For example: “coding / scripting, web browsing, web hosting, anything cloud-related, sending / receiving PGP signed emails, tweaking IP table rules, flashing OpenWrt image into routers, running one version of Linux kernel while compiling another version, doing research, doing homework (e.g., typing math equations in Tex), and many others...” Li said via email.

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Privacy focused Blackphone starts shipping

Filed under
Android
Security

Blackphone, an Android-based smartphone developed by Silent Circle, SGP Technologies and Geeksphone, is now shipping. The phone became a sensation during Mobile World Congress as it offered extreme privacy of communication. After the NSA revelations made by Edward Snowden, there is a huge demand for services or devices which offer privacy from NSA and other surveillance agencies. However even the Blackphone doesn’t offer any protection from NSA. Phil Zimmermann, one of the creators of the phone, said that Blackphone doesn’t make you NSA proof.

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More in Tux Machines

Defending the Free Linux World

Co-opetition is a part of open source. The Open Invention Network model allows companies to decide where they will compete and where they will collaborate, explained OIN CEO Keith Bergelt. As open source evolved, "we had to create channels for collaboration. Otherwise, we would have hundreds of entities spending billions of dollars on the same technology." Read more

And the best distro of 2014 is ...

Looking back at my 2013 summary, I just realized I'm a bloody prophet. I wanted openSUSE to make a nice comeback, and it did. And I wanted Fedora to shine, and it did, and it's version 20 no less. The utter and total dominance of the Ubuntu family has been shattered, and this is a very good thing. Competition is always good. What about Mint, you ask? Well, Linux Mint behaved splendidly, but this year, the few spins I tried weren't as sharp and spectacular as what we saw in 2013. Not necessarily a bad thing, but the best-of is more than just a list of grades. It also packs an emotional element, a surprise element, as well as the overall combination of what the selected distributions have achieved with their given parameters. For instance, CentOS is not supposed to be a desktop system, so when it does that well, it's more interesting than similar results with the stock Ubuntu family members and cousins. Hence, this list and its players. Of course, this is entirely my private, subjective observation, but I think it fits the global shift in the Linux field. With the Mir vs Wayland game, a big delay in Ubuntu Edge, and a general cooling off in the distro space, seeing more effort from outside the Ubuntu range is only natural. And welcome. That said, the big winner is still Trusty, and it shows that even though some years may be rougher than others, Ubuntu has its merit and cannot be easily disregarded, no matter how we feel, or want to feel, even if purely on a reactionary basis. And to prove us all wrong, Canonical has baked a phenomenal LTS release, which should bring much joy and fun to Linux users worldwide for years to come. I hope you've liked this compilation. See you next year. Read more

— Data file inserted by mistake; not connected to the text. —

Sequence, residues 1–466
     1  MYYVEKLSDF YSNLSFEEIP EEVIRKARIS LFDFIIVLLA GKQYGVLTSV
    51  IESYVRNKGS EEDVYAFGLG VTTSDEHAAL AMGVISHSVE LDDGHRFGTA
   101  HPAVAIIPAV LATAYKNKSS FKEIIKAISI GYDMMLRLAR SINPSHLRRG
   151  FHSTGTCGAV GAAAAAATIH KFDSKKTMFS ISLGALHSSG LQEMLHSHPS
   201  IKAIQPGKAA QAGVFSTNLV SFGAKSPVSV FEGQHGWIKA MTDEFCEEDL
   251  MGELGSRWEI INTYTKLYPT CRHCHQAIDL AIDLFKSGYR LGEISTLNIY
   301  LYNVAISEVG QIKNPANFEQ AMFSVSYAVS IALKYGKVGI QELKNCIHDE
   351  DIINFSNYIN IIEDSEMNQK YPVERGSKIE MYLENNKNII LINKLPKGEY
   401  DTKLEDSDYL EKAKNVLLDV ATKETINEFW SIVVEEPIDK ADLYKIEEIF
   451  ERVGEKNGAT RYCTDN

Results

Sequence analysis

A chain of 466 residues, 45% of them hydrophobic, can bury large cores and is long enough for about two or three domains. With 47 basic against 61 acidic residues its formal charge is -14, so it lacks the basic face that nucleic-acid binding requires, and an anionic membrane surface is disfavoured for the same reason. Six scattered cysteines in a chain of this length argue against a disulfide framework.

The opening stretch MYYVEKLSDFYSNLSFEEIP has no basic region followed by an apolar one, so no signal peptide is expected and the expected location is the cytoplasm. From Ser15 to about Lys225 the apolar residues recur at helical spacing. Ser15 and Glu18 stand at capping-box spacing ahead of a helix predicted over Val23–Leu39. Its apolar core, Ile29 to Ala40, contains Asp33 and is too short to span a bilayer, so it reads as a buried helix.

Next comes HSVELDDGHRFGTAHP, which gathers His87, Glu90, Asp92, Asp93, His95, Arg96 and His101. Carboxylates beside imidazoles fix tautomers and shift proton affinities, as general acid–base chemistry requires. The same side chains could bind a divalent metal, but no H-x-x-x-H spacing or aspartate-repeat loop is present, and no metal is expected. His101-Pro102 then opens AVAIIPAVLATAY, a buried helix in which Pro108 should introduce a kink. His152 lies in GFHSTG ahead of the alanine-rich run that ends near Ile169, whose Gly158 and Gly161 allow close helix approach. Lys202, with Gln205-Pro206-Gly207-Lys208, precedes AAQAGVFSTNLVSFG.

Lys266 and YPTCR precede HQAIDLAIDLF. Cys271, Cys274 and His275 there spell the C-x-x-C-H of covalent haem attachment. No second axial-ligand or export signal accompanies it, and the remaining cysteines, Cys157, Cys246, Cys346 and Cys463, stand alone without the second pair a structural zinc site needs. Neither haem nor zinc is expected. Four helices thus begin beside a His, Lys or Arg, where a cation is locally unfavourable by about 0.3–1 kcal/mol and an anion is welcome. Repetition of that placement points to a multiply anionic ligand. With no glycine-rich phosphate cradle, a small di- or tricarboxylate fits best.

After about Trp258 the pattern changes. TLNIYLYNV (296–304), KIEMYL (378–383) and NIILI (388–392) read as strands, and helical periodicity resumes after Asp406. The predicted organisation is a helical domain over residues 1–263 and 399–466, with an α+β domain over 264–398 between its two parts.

Judge spanks SCO in ancient ownership of Unix lawsuit

IBM has had a win in its long court battle with SCO over just who owns Unix and, by extension, whether Linux is an unauthorised clone. Some quick and simplified history: SCO – short for The Santa Cruz Operation – was a software company that offered a version of Unix for x86 chippery. When Linux came along in the late 90s and started turning into a business, SCO more or less sank and it attacked both Novell and IBM for their role in helping to spread Linus Torvalds' brainchild. At stake was whether those who distribute and profit from Linux should share some of their bounty with SCO. If a court had found in SCO's favour, it would have been bad news for Linux. The Novell suit ran for about six years, but SCO lost. After that, SCO endured all manner of financial strife, but managed to crawl from the crypt more than once. Last year, SCO managed to secure approval to re-open the case against IBM. Read more Also: ENOUGH! Says Nuffer

Hands-On with Tanglu 2.0 Bartholomea annulata

Tanglu GNU/Linux is a distribution based on Debian Testing. When I wrote recently about the future of Linux Mint Debian Edition and other distributions based on Debian Testing, what I was concerned about was the fact that they will be changing their base to Debian Stable in the near future. Tanglu has not given any indication that they intend to change, so this could be a good alternative for the future. Read more